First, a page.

The list includes many industries that would traditionally be expected to involve U.S. national security touchpoints (aircraft manufacturing and missile manufacturing, for example) as well as industries where national security concerns have grown in recent years and were featured during Congressional debate over FIRRMA (e.g., computer and computer storage device manufacturing, biotechnology).

Mandatory Declaration Requirements

A party or parties are required to submit a declaration of a pilot program-covered transaction by providing certain details about the parties, the nature of the transaction, whether the transaction will result in foreign control, the nature of the access or membership to be acquired by the foreign person, and other relevant details. The declarations are intended to be abbreviated versions of a full CFIUS notice that, according to FIRRMA, should “not generally exceed 5 pages in length.” Parties required to file declarations under the pilot program may instead elect to file a full joint voluntary notice.

Timing of Mandatory Declarations

For transactions to be completed between Nov. 10, 2018 and Dec. 25, 2018 – mandatory declarations must be submitted no later than Nov. 10, 2018 “or promptly thereafter.”

For transactions to be completed after Dec. 25, 2018 – mandatory declarations must be submitted 45 days before the completion date of the transaction. Once CFIUS has accepted a complete declaration, it has 30 days to complete its assessment. Upon receipt, CFIUS may:

  • Request that the parties submit a “notice of pilot program covered transaction,” a new type of CFIUS notice created in the regulations, that takes the form of a typical CFIUS notice but requires certain additional information for pilot program transactions;
  • Inform the parties that the Committee is unable to complete the action based on the declaration but allow the parties to file a full CFIUS notice;
  • Initiate a unilateral review of the transaction; or
  • Notify the parties that the Committee has concluded all action under section 721 of the Defense Production Act of 1950.

However, in cases where the Committee concludes all action under section 721 on the basis of a declaration, the regulatory “safe harbor” available to parties that file a full notice will not be extended to pilot program-covered transactions.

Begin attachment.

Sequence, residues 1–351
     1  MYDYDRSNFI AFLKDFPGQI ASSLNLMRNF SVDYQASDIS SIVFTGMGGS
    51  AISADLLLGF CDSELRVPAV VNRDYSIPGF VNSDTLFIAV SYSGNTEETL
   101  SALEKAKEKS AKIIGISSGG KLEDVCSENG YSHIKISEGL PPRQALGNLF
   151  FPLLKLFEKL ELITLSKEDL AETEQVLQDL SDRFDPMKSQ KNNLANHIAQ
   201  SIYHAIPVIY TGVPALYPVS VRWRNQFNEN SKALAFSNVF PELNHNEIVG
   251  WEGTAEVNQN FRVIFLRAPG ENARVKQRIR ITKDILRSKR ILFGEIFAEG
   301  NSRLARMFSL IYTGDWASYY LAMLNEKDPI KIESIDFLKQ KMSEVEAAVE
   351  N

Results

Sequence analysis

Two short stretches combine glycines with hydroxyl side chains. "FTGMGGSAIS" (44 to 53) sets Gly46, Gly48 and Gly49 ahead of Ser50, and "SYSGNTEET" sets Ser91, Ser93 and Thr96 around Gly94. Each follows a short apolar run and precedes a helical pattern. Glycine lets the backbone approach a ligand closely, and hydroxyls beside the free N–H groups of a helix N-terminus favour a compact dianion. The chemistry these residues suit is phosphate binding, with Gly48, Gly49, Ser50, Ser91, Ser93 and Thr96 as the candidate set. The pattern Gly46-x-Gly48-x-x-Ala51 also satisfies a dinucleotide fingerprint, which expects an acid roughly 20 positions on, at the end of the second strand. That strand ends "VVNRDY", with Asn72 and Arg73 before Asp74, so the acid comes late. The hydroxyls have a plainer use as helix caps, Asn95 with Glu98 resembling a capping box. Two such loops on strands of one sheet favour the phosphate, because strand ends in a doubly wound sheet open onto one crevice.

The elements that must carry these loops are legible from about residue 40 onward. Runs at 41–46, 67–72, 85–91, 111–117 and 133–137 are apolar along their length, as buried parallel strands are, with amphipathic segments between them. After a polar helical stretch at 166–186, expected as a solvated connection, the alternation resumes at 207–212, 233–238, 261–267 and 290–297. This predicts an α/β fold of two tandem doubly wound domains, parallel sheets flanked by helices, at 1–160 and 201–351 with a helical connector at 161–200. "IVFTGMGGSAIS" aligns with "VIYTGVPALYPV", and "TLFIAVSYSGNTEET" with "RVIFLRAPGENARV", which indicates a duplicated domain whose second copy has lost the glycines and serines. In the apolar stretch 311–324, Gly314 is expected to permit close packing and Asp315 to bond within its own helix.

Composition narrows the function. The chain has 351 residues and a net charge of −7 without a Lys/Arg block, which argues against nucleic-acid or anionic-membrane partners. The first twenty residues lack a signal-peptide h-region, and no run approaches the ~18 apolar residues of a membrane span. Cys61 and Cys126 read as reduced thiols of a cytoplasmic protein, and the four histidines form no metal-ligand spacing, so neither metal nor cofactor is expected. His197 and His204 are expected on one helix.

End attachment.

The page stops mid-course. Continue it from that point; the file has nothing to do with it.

Opportunity for Public Comment

While the pilot program is not subject to the rulemaking requirements of the Administrative Procedure Act (APA), CFIUS is providing an opportunity for public comment on the interim rule and will consider and address such comments in the process of promulgating any final rule.

What Do the Changes Mean for New Deals?

For transactions that will be completed between Nov. 10 and Dec. 25, 2018, it is imperative for parties to determine whether they will be subject to the mandatory declaration process, in which case a declaration must be submitted by or soon after Nov. 10, 2018.

For new deals that will be completed after Dec. 25, 2018, it will likewise be imperative to review the transactions to determine whether they are subject to the mandatory declaration requirements and plan accordingly for preparing and filing.

Additionally, the pilot program makes clear that parties to the transaction cannot obtain “safe harbor” from the declaration process, as they would with a formal notification to CFIUS. Accordingly, if the parties to a transaction believe that the transaction is a covered transaction involving critical technologies, and timelines are tight, it may be more efficient to simply file a formal notification and begin the formal CFIUS process rather than starting with a short-form declaration only to be requested later by CFIUS to file a formal notification thereafter. Any analysis will need to be completed early enough in the transaction timeline to allow the CFIUS declarations or notifications to be timely prepared and filed.

Greenberg Traurig’s Export Controls & Economic Sanctions team has wide-ranging CFIUS experience, counseling both potential foreign investors as well as the U.S. targets of investment from the initial stages of proposed transactions through the conclusion of a CFIUS review. The team provides integrated CFIUS advice, taking into account operational and deal objectives, as well as transactional timelines, all the while anticipating U.S. government regulatory requirements and policy concerns. In addition, the team helps clients to design and implement mitigation measures.